Prescription Pain Relievers Can Kill You
Medically Reviewed by: Melissa Conrad Stöppler, MD
If you think you've heard it before, you're dead wrong
How many times has someone told you a "party" drug could lead to more serious problems - like addiction, brain damage, or even death? You've probably heard it so many times, it's getting hard to believe. But all drugs have real potential for harm - even prescription pain relievers. When abused alone, or taken with other drugs, prescription pain medications can kill you. And the death toll from misuse and abuse is rising steadily.
Think twice-because you only die once. Prescription pain relievers, when used correctly and under a doctor's supervision, are safe and effective. But abuse them, or mix them with illegal drugs or alcohol, and you could wind up in the morgue. Even using prescription pain relievers with other prescription drugs (such as antidepressants) or over-the-counter medications (like cough syrups and antihistamines), can lead to life-threatening respiratory failure. With some prescription pain relievers, all it takes is one pill.
Drugs to watch out for. The most dangerous prescription pain relievers are those containing drugs known as opioids, such as morphine and codeine. Some common drugs containing these substances include:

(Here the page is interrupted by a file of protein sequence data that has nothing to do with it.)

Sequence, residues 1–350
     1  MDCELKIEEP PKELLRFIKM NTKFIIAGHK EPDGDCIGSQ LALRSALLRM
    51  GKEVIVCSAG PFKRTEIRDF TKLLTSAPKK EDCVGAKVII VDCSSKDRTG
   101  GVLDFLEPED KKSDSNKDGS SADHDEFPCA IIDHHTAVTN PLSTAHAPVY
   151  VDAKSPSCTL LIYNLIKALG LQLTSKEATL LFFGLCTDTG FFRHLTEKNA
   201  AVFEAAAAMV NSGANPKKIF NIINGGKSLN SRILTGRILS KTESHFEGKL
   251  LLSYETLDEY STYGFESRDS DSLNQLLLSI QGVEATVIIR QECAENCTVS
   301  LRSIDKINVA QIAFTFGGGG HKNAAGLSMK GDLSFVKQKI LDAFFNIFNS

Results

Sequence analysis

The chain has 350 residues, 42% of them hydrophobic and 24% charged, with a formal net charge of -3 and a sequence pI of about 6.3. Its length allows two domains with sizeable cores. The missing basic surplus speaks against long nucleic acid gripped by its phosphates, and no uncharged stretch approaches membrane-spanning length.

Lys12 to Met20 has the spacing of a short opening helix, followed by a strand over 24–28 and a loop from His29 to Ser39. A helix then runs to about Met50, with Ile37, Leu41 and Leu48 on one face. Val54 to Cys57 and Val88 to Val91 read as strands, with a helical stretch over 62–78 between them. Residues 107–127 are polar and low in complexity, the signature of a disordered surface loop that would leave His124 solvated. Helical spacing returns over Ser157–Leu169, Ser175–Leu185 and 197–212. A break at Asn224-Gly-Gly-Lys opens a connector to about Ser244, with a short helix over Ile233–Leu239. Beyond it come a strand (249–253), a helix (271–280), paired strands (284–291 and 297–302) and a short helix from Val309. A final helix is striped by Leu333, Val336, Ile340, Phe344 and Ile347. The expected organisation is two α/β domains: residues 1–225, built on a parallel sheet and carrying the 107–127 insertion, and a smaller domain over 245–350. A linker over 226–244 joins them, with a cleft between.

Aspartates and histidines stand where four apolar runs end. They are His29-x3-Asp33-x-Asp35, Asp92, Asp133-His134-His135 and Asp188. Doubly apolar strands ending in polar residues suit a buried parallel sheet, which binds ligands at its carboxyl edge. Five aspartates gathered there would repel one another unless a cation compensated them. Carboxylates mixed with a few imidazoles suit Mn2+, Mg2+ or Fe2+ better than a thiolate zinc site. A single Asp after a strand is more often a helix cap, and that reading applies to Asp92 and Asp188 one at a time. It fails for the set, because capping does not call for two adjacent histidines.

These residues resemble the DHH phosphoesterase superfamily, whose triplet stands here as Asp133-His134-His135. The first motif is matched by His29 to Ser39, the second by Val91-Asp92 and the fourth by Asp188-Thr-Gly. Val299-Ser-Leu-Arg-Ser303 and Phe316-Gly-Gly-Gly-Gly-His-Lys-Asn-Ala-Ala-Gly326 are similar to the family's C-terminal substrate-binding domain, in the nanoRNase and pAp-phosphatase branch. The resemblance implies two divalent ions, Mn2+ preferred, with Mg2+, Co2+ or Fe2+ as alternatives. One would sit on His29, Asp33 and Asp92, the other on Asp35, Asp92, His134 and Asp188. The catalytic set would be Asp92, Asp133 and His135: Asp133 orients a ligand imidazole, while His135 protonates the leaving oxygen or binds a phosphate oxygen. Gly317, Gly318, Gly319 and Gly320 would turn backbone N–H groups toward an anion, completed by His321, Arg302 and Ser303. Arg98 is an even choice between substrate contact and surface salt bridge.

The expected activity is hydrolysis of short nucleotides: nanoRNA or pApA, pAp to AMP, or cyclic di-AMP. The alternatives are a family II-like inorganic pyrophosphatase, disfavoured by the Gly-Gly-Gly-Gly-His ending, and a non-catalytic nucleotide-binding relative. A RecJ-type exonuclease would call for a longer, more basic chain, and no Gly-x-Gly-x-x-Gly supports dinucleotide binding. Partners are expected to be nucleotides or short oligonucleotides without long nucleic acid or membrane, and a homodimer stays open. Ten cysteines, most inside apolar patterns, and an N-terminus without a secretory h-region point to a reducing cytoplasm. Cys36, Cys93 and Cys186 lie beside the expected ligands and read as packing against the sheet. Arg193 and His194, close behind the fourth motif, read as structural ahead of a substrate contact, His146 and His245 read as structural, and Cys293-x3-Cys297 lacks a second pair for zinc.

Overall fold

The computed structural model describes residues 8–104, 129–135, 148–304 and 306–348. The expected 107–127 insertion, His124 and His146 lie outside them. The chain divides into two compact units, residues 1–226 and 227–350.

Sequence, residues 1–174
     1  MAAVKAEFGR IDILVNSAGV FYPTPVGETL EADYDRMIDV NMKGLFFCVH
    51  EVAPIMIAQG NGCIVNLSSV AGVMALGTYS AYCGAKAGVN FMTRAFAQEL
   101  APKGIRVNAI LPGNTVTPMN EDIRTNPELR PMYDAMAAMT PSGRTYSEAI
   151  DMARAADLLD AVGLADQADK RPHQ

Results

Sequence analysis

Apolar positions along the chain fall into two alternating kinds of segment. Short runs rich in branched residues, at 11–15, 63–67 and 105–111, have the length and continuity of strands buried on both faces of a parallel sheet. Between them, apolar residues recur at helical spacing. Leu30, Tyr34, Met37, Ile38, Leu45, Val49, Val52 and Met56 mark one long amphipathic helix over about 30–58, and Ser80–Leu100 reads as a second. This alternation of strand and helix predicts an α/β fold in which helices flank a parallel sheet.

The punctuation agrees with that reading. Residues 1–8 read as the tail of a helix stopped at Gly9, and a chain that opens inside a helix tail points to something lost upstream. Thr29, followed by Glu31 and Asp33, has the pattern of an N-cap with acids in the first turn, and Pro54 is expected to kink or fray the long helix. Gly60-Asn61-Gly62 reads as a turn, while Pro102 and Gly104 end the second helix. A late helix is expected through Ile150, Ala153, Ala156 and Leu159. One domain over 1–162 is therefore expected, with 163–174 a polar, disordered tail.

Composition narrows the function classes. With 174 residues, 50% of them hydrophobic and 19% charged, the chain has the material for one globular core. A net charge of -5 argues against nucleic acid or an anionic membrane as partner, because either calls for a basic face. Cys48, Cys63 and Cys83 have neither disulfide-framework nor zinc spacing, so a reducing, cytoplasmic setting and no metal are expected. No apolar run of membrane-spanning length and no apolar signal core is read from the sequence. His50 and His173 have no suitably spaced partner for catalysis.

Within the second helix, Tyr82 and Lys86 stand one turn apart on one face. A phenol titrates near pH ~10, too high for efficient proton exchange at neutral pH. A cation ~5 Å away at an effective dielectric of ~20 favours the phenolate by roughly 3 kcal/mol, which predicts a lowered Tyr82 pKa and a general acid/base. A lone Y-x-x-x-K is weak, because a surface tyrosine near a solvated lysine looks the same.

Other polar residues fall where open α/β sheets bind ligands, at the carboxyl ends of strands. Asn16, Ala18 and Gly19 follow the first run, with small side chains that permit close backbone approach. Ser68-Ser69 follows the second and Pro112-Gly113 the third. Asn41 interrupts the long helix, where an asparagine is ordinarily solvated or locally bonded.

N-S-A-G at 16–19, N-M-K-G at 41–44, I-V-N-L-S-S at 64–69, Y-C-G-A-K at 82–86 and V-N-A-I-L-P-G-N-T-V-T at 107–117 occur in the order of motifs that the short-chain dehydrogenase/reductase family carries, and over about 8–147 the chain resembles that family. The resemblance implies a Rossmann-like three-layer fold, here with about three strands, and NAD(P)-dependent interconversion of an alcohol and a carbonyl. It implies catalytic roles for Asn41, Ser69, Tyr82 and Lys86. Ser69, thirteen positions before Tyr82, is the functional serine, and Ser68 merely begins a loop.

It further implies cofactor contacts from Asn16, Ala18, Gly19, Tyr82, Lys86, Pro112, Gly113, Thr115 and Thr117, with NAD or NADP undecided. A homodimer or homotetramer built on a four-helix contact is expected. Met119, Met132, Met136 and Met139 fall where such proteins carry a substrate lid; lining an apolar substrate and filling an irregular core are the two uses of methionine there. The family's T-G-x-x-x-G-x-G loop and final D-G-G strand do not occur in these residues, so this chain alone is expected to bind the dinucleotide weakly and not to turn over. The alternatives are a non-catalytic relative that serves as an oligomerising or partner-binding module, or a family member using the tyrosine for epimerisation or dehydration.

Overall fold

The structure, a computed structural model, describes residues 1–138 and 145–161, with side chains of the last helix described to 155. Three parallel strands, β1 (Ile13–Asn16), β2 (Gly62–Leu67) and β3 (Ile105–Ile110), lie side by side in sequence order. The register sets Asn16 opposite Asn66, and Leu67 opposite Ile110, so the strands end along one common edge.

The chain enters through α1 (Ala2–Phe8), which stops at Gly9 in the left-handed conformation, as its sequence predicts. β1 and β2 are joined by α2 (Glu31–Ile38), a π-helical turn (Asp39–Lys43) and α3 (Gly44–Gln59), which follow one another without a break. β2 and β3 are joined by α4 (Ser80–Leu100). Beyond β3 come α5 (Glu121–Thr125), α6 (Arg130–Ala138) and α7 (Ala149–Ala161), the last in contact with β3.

- propoxyphene (Darvon),
- meperidine (Demerol),
- guaifenesin with hydromorphone (Dilaudid),
- oxycodone (OxyContin),
- Tylenol with Codeine, and
- hydrocodone/acetaminophen (Vicodin, Norco, etc.).
Some common street names for these drugs include:
- hillbilly heroin,
- percs, and
Whatever you call them, remember one thing - they can be killers.
Symptoms of overdose.
If you, or anyone you know, have taken prescription pain relievers, here are the danger signs to watch for:
- Slow breathing (less than ten breaths a minute is really serious trouble)
- Small, pinpoint pupils
- Being tired, nodding off, or passing out
- Apathy (they don't care about anything)
- Cold and clammy skin
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A lot of these symptoms can make people think the person is drunk. Some people may be tempted to let the person sleep it off, or think they just had too much to drink. But don't. Your friend could go to sleep and never wake up.
What you can do if a friend is overdosing. Make an anonymous call to 911 if you do not want to identify yourself. Try to get the person to respond to you by calling out his/her name. Make the person wake up and talk to you. Shake him/her if you have to. Otherwise, the individual could suffer brain damage, fall into a coma, or die.
Addiction can be a living death. If you abuse prescription pain relievers and are lucky enough to cheat death, you're still in big trouble. Prescription pain relievers can be addictive. The longer you take them, the more your body needs. Try to stop, and you could experience withdrawal symptoms.
If you, or someone you know, is abusing or is addicted, get professional help. You can also ask for help from parents, doctors, relatives, teachers, or school guidance counselors. Substance abuse ruins lives. Don't let it happen to you or someone you love.
If you, or someone you know, is hooked on prescription pain relievers, call the substance abuse treatment 24-hour helpline: 1.800.662.HELP, or visit the Substance Abuse and Mental Health website, http://www.findtreatment.samhsa.gov/.
SOURCE: Drug Evaluation and Research Consumer Education Division (http://www.fda.gov/cder/)
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